Acid Copper Chromate (ACC) Wood preservatives containing ACC are only registered for industrial and commercial uses. ACC treated wood contains hexavalent chromium or chromium (VI). Chromium (VI) is a chemical in the highest EPA toxicity category for oral, dermal, and inhalation toxicity and is also a strong skin sensitizer.
Alkaline Copper Quaternary (ACQ) ACQ wood preservatives (types A, B, C, and D) are composed of copper oxide and a quaternary ammonia compound. The absence of chemicals like arsenic or chromium has made ACQ one of the most widely used residential wood preservatives.
Benzoates are derived from benzoic acid and are more commonly used as food preservatives than the acid. Some people develop allergy-like symptoms when they are exposed to sodium benzoate. When the chemical reacts with vitamin C (ascorbic acid) in drinks under certain conditions, benzene may be produced.
Copper Azole Wood Preservatives. Copper azole-treated wood is greenish-brown and has little to no odor. Type A (also known as CBA-A) contains copper, boric acid, and tebuconazole. Type B (also known as CA-B) contains higher concentrations of copper and tebuconazole but no boric acid. Copper azole is registered for a variety uses above and below ground, as well as in freshwater and marine decking applications.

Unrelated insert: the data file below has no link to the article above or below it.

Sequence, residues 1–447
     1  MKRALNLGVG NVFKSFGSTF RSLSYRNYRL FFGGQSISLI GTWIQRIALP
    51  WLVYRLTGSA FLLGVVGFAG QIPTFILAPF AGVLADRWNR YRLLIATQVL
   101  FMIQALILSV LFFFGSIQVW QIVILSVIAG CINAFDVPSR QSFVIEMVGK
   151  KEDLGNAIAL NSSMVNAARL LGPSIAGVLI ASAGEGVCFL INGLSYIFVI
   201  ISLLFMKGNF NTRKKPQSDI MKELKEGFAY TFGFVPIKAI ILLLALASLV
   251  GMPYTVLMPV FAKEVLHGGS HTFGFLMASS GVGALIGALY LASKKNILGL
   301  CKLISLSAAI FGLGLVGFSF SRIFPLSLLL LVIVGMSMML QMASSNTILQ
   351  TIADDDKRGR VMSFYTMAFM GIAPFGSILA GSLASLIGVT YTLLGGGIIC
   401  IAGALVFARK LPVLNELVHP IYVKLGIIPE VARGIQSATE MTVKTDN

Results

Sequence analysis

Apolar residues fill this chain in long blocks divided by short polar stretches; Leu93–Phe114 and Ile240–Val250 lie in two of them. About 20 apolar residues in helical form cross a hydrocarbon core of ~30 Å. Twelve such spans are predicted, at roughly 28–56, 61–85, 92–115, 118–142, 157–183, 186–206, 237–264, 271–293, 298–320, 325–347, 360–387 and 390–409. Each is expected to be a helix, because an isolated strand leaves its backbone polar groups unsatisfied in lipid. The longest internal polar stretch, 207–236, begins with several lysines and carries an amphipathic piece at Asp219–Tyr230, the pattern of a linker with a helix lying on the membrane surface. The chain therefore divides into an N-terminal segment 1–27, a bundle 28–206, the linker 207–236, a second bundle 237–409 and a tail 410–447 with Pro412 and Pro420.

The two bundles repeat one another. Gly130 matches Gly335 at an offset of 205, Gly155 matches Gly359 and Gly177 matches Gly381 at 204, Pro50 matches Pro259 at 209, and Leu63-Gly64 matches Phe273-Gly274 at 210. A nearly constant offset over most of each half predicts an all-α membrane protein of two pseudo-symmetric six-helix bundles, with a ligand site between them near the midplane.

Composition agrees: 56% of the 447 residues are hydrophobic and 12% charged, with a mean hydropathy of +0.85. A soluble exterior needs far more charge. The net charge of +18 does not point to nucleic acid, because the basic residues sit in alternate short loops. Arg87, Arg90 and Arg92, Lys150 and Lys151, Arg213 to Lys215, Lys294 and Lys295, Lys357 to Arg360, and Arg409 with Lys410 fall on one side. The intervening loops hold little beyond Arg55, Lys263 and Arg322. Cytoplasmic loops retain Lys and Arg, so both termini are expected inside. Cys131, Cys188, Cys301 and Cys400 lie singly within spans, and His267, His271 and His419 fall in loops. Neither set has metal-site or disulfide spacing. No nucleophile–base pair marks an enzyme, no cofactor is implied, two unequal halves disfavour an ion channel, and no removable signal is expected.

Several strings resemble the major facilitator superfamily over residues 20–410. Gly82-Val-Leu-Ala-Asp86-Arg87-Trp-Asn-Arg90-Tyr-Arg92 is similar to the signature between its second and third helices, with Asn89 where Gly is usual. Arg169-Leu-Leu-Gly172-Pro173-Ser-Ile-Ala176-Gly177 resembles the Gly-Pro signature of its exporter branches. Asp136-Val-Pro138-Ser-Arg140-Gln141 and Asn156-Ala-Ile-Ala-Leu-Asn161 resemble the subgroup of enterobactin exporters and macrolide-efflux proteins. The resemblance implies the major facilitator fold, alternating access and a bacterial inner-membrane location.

Sodium nitrite is the inorganic compound with the chemical formula Na NO 2. It is a white to slightly yellowish crystalline powder that is very soluble in water and is hygroscopic. It is a useful precursor to a variety of organic compounds, such as pharmaceuticals, dyes, and pesticides, but it is probably best known as a food additive to prevent botulism.
Potassium sorbate E202 can effectively inhibit the activity of mold, yeast and aerobic bacteria which can be found in foods, such as cheese, wine, yogurt, dried meats, soft drinks & fruit drinks, canned fruits and vegetables and baked food, but can also prevent the growth and reproduction of harmful microorganisms such as Botox, Staphylococcus and Salmonella.
Sulfur dioxide might not sound good enough to eat, but this food preservative does make its way into a number of edibles, including dried fruits such as raisins, dried apricots and prunes. Sulfur dioxide is one type of sulfite, a preservative whose name might be more familiar.